Posts tagged: History
The 1913 Sonora Smart Dodd House has been added to the National Register of Historic Places and the dedication is set for Friday Oct. 15 at 10 a.m.
The Dodd House is located just off Perry Street at 603 S. Arthur and it has been carefully restored by its owners Jerry and Bev Numbers. Dodd was the founder of Father’s Day 100 years ago and this summer there were several celebrations in her honor around town. Read more about Dodd here.
The last Spokane buildings to receive this designation were the Looff Carrousel in 1977, and the Hutton Building (9 South Washington Street) in 1983.
For more information call the historic preservation office at (509) 625-6543.
I stopped by Liberty Park United Methodist Church on Sunday. After the service, I visited with a group of parishioners some of whom have lived in the South Perry neighborhood for 70 years or longer. Among them was Frank Tobie who gave me two volumes of church history beginning back in 1905. The history has been compiled by many different people – among them Helen Mitchell and Reverend William S. Turner, one of the founders of the church. Last night, I paged through the history of neighborhood families and looked at 50-year-old pictures of homes I recognize from down the street.
One June 6, 1910, T.W. Mortimer got permission to hook the house I now live in up to the city water main. People tell me my sturdy, no frills foursquare probably is a mail order house from Sears or Montgomery Ward. In 1961, someone added a fallout shelter in the backyard, the top of which is now my patio. There’s just something about old houses: yes, they tend to be money pits (mine sure is) but they also feel comfortable and, well, lived in, just like an older neighborhood does.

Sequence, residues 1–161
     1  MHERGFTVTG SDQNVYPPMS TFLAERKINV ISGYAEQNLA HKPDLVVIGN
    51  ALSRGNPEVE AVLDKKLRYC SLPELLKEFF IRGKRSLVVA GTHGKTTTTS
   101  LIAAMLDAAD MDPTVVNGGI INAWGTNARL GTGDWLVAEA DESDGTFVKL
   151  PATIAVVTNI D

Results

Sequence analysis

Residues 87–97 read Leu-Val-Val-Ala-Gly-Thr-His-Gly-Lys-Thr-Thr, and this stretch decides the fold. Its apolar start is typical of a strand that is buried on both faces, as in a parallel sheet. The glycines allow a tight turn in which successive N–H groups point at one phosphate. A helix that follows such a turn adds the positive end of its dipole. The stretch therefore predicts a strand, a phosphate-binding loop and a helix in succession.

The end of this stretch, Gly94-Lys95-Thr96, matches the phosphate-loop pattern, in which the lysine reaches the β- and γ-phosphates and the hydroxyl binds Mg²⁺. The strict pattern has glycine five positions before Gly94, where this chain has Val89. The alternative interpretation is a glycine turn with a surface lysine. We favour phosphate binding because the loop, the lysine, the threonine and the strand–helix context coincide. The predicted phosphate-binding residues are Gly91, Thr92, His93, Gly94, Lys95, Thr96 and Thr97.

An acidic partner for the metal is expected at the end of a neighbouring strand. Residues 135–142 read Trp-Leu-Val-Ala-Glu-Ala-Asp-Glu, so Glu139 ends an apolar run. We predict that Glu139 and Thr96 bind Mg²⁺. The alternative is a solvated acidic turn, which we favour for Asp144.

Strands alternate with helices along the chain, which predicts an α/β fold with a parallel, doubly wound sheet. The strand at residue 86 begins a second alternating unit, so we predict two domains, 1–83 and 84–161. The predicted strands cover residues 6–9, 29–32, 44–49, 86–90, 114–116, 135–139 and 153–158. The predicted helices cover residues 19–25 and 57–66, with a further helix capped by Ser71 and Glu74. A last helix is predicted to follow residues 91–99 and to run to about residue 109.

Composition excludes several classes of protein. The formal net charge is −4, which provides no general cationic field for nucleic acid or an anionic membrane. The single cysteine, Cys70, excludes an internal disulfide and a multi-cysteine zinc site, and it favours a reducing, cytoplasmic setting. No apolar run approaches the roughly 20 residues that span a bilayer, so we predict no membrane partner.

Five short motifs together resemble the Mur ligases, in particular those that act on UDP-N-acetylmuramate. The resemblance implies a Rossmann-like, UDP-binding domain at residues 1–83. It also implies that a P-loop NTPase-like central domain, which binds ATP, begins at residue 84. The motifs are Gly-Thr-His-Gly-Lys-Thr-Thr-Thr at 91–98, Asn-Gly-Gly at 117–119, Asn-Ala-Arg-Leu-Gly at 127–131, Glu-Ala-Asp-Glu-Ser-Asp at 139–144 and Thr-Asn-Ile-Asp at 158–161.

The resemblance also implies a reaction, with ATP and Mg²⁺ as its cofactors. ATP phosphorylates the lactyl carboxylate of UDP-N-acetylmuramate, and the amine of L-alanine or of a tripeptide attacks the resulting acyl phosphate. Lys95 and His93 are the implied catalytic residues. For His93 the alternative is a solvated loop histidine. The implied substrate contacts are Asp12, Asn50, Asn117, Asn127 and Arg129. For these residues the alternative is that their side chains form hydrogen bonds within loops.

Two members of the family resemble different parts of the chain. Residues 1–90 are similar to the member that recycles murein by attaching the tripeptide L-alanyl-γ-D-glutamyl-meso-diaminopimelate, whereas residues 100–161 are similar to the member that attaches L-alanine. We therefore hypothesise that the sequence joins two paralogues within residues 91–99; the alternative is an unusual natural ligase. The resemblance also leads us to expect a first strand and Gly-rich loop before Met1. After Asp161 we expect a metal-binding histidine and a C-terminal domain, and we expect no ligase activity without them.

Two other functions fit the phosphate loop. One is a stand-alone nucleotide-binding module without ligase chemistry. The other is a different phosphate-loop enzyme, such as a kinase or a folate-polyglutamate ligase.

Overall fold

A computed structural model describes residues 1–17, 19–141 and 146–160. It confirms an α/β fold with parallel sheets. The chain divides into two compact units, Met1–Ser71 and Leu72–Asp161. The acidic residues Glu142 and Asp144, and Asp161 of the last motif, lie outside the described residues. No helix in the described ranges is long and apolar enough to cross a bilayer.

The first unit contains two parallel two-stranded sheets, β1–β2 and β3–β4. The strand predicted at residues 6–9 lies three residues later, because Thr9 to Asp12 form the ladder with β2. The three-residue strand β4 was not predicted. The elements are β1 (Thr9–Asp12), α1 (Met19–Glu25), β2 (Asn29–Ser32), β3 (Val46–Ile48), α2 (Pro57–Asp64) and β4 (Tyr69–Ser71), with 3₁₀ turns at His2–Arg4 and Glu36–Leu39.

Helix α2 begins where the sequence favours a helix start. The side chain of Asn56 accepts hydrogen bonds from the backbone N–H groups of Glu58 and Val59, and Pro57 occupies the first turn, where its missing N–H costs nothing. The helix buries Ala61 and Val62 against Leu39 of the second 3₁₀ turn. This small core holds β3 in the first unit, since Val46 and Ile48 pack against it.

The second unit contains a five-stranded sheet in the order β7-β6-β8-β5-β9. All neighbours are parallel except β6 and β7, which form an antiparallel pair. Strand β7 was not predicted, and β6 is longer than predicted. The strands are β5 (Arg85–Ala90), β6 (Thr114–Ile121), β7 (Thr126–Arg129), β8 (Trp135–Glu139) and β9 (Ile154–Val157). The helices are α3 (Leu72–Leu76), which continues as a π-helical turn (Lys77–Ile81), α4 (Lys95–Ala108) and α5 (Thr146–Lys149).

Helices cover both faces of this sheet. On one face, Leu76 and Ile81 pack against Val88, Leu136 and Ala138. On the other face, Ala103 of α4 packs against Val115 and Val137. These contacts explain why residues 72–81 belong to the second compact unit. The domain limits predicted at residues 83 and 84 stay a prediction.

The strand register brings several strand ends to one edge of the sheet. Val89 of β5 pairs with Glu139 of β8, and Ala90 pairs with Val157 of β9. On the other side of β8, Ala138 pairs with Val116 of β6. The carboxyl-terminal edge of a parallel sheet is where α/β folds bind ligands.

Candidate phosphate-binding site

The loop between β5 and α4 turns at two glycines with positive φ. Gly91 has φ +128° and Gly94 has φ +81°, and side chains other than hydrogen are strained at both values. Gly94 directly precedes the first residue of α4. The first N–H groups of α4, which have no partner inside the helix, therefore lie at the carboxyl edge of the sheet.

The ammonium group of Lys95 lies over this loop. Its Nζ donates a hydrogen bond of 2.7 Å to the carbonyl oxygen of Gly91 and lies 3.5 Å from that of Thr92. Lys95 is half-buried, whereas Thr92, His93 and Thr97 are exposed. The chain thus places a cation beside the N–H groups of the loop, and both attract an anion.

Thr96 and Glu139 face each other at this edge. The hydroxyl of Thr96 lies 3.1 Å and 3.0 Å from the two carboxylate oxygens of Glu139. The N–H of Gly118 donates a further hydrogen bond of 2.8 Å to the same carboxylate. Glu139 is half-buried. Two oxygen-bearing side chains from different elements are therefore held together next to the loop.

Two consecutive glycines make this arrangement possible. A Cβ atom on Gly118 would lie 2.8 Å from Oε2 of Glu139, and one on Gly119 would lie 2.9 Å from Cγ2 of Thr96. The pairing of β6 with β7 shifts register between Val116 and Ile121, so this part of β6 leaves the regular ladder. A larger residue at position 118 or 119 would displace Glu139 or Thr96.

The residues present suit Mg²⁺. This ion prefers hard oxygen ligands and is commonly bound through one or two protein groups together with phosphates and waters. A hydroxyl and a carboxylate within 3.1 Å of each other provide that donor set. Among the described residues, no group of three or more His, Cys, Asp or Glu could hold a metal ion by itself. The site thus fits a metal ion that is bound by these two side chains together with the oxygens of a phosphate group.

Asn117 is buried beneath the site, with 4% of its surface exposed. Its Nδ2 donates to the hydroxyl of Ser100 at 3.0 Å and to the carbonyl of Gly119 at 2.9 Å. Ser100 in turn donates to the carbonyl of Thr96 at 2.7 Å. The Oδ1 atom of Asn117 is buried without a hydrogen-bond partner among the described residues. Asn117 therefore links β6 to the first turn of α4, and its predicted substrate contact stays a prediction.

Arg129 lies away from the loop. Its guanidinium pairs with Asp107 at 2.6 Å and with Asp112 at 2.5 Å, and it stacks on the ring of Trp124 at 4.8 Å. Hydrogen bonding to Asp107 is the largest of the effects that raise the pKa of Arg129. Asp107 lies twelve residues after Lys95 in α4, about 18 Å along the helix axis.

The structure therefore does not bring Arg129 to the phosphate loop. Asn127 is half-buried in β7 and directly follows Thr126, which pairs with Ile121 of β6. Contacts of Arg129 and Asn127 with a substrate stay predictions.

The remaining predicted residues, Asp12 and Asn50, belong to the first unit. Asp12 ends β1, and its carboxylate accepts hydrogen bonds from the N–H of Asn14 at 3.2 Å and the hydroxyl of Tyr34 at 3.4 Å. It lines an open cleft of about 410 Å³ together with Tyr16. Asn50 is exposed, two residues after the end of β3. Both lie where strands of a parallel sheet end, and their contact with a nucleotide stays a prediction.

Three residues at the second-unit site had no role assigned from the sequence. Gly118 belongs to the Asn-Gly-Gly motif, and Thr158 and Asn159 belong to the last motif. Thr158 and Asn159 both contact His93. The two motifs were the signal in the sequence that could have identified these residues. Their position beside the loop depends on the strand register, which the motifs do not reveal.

What I really enjoyed about my Sunday visit was all the neighborhood stories about the ice cream parlor and the meat market, the grocery shops and the library. I would love to hear more stories like that – don’t be shy – tell me about ‘once upon a time on South Perry Street.’
When Mark Camp rented the building that’s now The Shop, back in 1994, his landlord carefully pointed out that the water heater had been shot three times. “It was pretty crazy. He showed me where the bullets had gone in through the frontdoor, hit the water heater, and out back,” Camp said. “And then he said he’d get me a new one.” Camp was doing metal work in the shop - a retired garage - and plans of opening a coffee house were somewhat off in the future. “There were other businesses here, like The Black Forest Deli and there was the DC Hip-Hop store, a record store,” said Camp. “But it was a rough neighborhood.” A friend on the SWAT team flat out told Camp that he shouldn’t go into the neighborhood at night. “There was a murder in Grant Park, but I really didn’t think much of it,” Camp said. “I’d moved here from the worst part of Minneapolis.” Five years later, on March 22, Camp opened The Shop together with two friends and the little coffee house soon became the hub of the neighborhood. Almost at the same time, the City of Spokane began looking at improving the street with lights and trees - South Perry became a pilot project of sorts in the city’s Centers and Corridors Growth Management plan. Camp went from business to business trying to start a business association. “Some people said it was a waste of time, that no one from outside the neighborhood would ever come here,” said Camp, who later sold The Shop business but still owns the building and the Altamont Pharmacy building. Camp said Mel Silva, who owned an antique store just up the street, was a great supporter of the neighborhood in those days. “He was all gung-ho about it, he helped out a ton and so did lots of other people.” Camp, who still lives in the neighborhood, loves how things are turning out these days. “Everything we did with The Shop, and later The Scoop, and the live music and the outdoor movies, was to bring people here,” said Camp, whose next project is a beer-centric saloon on East Sprague. “We wanted to get people to come from the outside of the neighborhood.” And today they do.